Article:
So did I meet those goals?

Yes and no is the simple answer.

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Fail to plan, plan to fail?

That’s a cliché and I think it’s an unfair one. Everyone needs different amounts of information before they begin and I don’t judge. Anyway, as you can probably tell this months WriYe blog topic is all about planning.

Explain your planning process. Do you write a detailed outline or are you more of a bare bones only writer?
Ok I start off with an idea. This could be a scene, a character, a general concept, a world detail – something. I then do a lot of brainstorming, which is basically free typing where I write down everything that comes to mind as I think about the idea. I ask myself questions and try and reason out the answers. I do this until I have answered all the questions. This results in a very long and messy document.

So I then need to pull out all the relevant information and put it into various documents. I’ll have a world building details file. I’ll have a character detail file etc. Then I’ll have the explaining the plot file where I edit the rambles and put it all in order, but it’s still very much long paragraphs. So I’ll create another separate file and make up bullet points for each scene described, so there’s a brief list for reference and not just the long descriptive document.

Ultimately I guess that makes me a detailed outline person – at least when it comes to novels. I don’t tend to go that far with fanfic. I’ll reason the story out and sometimes write up scene lists but I don’t do a scene-by-scene outline, and I’ll add as I go with what feels right and sometimes straight up change things. I’m a bit less flexible with the novel because I plan it more in-depth.

Are you happy with the way you plan currently?
I guess? Sometimes I think maybe I over-plan when it comes to novels and it sort of sucks all the life out of it. Essentially I’m just fleshing out the story, in many ways I’ve already written it. That doesn’t mean I’ve written it sensibly though. It doesn’t seem to matter what kind of process I put my plan through, in an attempt to check that I’ve not been dumb – I’ve invariably been stupid somewhere and something doesn’t make sense.

End of 2019 I made a ton of notes on structure and applied them to the outline of the novel I should be writing at the moment (it’s not going so well). As I’ve not finished the draft yet, and thus haven’t attacked it in revision, I don’t know whether that has helped or not.

To be honest I’m kinda set in my ways. I’ve been planning by brainstorming and then pulling it into an outline for well over a decade now, possibly closer to two. It’s just how my brain works. Am I happy with it? I don’t know. I think so but at the same time I’m not happy with the novels I write from it, but then would those novels be any better if I planned another way? I don’t know.

Are there things you would like to try that are different or new to you?
Yes. I don’t do details very well. I need to think more deeply about my world building, and then plan/record those details in an easily referenced document. With the novel I’m currently writing I was struggling to get started and so a friend tried asking me questions, to sort of get my head ‘into the scene’. I didn’t know most of the answers because I couldn’t remember if I’d decided about these details before, or what I’d put if I had. I struggle with description at the best of times and not thinking about the details until revision hurts me.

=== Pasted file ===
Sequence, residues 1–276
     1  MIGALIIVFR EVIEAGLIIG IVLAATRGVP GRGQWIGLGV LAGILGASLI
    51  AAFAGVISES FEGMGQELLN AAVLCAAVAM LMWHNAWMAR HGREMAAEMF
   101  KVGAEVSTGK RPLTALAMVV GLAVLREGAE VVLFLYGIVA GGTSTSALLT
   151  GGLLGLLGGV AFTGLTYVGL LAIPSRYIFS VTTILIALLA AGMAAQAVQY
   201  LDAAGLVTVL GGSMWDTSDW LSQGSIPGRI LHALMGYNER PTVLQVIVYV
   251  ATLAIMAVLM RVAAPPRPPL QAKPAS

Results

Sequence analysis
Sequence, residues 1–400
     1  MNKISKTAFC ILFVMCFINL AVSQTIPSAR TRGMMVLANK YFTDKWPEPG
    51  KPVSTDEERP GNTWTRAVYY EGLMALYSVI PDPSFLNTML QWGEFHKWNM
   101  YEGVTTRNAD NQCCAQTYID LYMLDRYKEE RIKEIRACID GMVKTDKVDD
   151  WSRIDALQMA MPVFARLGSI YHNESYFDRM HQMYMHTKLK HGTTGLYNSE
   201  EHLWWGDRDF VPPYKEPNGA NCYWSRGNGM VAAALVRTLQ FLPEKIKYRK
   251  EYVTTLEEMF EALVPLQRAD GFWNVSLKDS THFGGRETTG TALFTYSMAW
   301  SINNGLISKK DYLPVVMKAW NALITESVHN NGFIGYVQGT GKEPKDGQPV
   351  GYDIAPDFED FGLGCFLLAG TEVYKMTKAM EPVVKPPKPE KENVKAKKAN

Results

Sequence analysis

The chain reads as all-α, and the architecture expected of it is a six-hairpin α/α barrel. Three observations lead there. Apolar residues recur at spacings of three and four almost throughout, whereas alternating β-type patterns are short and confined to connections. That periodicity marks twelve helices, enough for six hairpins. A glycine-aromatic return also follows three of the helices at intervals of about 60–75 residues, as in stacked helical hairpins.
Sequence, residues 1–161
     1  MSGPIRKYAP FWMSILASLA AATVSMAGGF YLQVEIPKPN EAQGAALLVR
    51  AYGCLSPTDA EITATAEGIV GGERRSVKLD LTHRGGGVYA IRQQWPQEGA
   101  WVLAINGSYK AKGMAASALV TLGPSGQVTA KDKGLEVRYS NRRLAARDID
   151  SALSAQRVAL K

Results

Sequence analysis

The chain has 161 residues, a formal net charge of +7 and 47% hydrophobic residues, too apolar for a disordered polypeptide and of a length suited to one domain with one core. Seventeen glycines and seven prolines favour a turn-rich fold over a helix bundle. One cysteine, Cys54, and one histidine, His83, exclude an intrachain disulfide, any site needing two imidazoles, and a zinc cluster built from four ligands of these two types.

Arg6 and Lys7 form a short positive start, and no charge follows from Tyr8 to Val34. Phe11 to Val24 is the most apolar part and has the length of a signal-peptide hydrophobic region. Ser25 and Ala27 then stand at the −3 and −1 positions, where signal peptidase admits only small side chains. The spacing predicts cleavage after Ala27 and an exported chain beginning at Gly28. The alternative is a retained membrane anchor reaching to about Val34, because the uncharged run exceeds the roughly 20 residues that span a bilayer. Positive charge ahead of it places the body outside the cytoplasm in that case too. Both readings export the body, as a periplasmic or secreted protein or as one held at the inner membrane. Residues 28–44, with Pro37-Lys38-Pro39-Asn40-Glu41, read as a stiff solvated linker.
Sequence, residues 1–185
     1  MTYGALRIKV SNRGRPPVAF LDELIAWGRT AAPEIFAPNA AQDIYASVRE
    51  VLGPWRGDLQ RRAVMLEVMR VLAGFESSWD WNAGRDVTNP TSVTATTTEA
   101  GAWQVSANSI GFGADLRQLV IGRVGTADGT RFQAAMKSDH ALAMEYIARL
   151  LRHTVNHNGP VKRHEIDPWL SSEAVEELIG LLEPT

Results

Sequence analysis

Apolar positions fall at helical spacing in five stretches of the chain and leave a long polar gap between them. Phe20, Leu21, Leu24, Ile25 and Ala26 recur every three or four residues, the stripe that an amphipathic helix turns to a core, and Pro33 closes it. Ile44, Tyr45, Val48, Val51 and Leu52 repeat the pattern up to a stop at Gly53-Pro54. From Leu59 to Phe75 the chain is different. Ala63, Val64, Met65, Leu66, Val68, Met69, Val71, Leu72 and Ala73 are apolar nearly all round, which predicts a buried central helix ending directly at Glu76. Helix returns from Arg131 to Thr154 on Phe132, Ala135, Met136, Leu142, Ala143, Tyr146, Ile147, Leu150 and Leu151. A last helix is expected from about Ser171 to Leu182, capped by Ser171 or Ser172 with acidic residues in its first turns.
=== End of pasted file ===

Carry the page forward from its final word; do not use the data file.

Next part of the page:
Top 7 Writing Tips

What it says on the tin aka this month’s WriYe blog topic. I didn’t do last months because it was on balance and hahahahaha I do not have any. Seriously none, zip, nada, no freaking clue. Anyway, I thought I would give this one a stab. I also thought I would try and go for a bit more of the “weird and wacky” rather than the standard. As I read Kandy’s post this morning, which expertly covered everything I would otherwise have said, and I felt like I should at least make an attempt to be different.

So without ado!

Tip #1 – Trackers are your friend
I get down on myself all the time and my brain likes to lie to me. So have some concrete evidence. Now this can go horribly wrong as that evidence can be twisted into a weapon BUT facts are facts. It’s like glass half full, glass half empty, but at least you know for sure how much is inside. So record how many days you write for, record how much you write, go further and time yourself if you’d like. That way when the brain lies and says “you haven’t written in forever and you suck” you can go “nope actually I wrote for 20 days this month” (or whatever the truth is) and that’s better than nothing. Progress may be slower than you’d like, but the progress is still there and it is measurable.

Tip #2 – Don’t fight fate
Kinda ties in with the “track everything” idea, in that patterns will emerge! I know, I super love patterns too. They are very cool except when they are harmful, and I have a pattern that hurts me. Inevitable due to, shall we say life events, I often have a week or so in the month where my head is just not in the game. I get so mad at myself and I’m all “you were doing good, what the hell is wrong with you!?!?” but through tracking I realised the correlation. Now it still irritates the hell out of me but I’m a bit less mad now as I know why. There are things in life we can’t change. If the words aren’t coming, there’s probably a reason for that and that reason might be out of your control. So for instance if you are trying to write and getting frustrated on Sunday’s, then maybe that’s a day you skip. Save yourself the aggro. Less frustration hopefully equals more productivity on days without those issues.